Carbon market and agriculture

The debate on the EU agricultural policy in recent months has involved greenhouse gases (the infamous GHG, i.e. Green House Gas) and the contribution in terms of Carbon Sink (carbon storage) that agriculture could provide. Carbon sink is an ecological service that good agriculture offers to society: it stores CO2 in the soil in the form of stable humus, removing it from the atmosphere. It is talked about because there is the hope that the farmer can find a remuneration for this service or at least a further justification in defense of the subsidies received.

There is, however, some confusion on this subject that comes from a static vision of the “carbon” system rather than the dynamic and cyclical one that it actually is. Clarifying this issue provides the key to evaluating not only the political proposal, but also those business proposals that aim to involve the farmer as an active economic subject in the Carbon market. In other words, it is necessary to understand if, or in what situations, agricultural and forestry activities remove carbon from the atmosphere, if this function can be quantified and therefore verified and attested, and finally, if all this is true, if it can be evaluated and sold.

Through photosynthesis, vegetation removes carbon dioxide (CO2) from the atmosphere and, through a chemical reduction process, releases part of the oxygen (O2) into the air, replacing it with carbon (C) and hydrogen (H) atoms to form a molecule of glucose, a sugar with six carbon, twelve hydrogen and six oxygen atoms. Photosynthesis produces glucose as long as the chloroplast receives light, water, and other useful elements in the expected quantities. All these glucose molecules inside the plant are used, depending on the momentary needs, as a source of energy to sustain the metabolism of the cells, or as bricks to build the different parts of the plant. In this case, glucose, through chemical processes including condensation, forms long chains of cellulose, hemicellulose and lignin. These substances are important carbon sinks because they are not easily degradable; in particular lignin, one of the main constituents of wood, is “digested” only by some species of fungi. When a plant dies, the vegetal matter is degraded at different rates: simple sugars, proteins and fats are degraded quickly, whereas the above mentioned substances are degraded more slowly. Furthermore, the degradation of the latter is not perfect and remains, especially in the case of lignin, some undigestible compound which constitutes the most stable part of the humus in the soil. Therefore a corn field is a temporary carbon reservoir and only a small part of the vegetable matter that constituted it remains in the soil for a longer time. Conversely, in a permanent meadow or in a forest a good quantity of carbon remains “trapped” in the living plants while in the soil, undisturbed, large amounts of organic matter accumulate, contributing significantly to the Carbon Sink. In the forest, the amount of CO2 sequestered is greater than in the meadow because it is composed of a greater mass of vegetation. In fact, both the meadow and the forest behave like a cornfield when the soil is cleared and used for annual crops.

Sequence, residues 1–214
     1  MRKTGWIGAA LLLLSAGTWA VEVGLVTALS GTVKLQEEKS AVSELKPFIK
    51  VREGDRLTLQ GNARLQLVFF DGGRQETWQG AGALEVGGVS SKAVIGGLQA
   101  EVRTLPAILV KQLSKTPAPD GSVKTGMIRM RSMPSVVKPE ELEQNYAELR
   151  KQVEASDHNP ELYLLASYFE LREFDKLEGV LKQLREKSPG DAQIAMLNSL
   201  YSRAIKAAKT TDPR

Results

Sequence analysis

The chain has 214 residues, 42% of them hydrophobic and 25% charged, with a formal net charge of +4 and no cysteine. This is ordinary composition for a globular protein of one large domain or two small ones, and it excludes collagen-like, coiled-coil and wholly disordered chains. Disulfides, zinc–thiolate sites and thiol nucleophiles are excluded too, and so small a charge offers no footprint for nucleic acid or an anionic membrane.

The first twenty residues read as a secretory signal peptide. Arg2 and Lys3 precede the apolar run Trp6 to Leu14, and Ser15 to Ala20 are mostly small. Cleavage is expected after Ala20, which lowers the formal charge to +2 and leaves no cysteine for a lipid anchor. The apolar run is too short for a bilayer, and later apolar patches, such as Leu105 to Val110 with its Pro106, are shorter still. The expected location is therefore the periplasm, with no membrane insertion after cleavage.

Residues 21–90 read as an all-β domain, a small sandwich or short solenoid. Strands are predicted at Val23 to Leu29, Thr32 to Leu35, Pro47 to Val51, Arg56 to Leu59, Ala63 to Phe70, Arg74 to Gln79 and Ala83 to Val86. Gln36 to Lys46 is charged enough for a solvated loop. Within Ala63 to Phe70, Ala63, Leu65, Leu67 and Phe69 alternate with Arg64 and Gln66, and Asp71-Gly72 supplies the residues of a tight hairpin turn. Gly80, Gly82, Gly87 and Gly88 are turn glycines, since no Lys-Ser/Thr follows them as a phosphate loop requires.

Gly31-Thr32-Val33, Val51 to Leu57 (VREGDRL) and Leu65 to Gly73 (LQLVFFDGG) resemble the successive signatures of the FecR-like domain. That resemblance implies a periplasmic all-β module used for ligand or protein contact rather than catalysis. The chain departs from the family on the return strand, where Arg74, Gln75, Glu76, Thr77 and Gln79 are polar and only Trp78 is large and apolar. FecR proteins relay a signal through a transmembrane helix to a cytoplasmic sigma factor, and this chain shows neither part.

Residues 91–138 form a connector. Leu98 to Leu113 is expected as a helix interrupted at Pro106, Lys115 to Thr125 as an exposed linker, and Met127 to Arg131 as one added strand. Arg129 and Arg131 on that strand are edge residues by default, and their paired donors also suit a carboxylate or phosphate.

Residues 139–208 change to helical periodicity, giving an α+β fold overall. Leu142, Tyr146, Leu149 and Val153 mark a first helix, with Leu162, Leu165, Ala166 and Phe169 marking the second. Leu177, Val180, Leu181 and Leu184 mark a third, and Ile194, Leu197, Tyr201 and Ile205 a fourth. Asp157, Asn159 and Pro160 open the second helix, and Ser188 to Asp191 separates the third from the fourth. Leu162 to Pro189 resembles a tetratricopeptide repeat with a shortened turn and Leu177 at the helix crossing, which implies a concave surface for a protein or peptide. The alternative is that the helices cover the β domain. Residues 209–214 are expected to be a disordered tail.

Therefore, from all of the above, we deduce that there are crops (and cultivation practices) that are more virtuous than others in terms of CO2 sequestration, but if I change management, I (more or less) quickly put the accumulated carbon back into the atmosphere. This aspect explains why it may be unprofitable to invest public money in agricultural systems capable of sequestering greater quantities of carbon if, once the subsidy ends, the farmer is left free to re-adopt the previous cultivation models. There is also another consideration: storage capacity is not infinite. For example, a forest continues to accumulate new CO2 until it reaches a condition that we can define as maturity, in which the amount of carbon sequestered becomes equal to that released. Forests, like all surfaces on which plants live, accept new CO2 until the “reservoir” is filled, that is, until a certain climax is reached, and remain in this equilibrium as long as there are no perturbations that alter this state.

From this we understand that on the carbon market, an agricultural or forest environment can offer a carbon sequestration that starts from the current situation and ends when the climax is reached, but the contractor will ask for it to be maintained indefinitely. The Carbon market in agriculture is therefore not easy to implement.

Lorenzo Benvenuti

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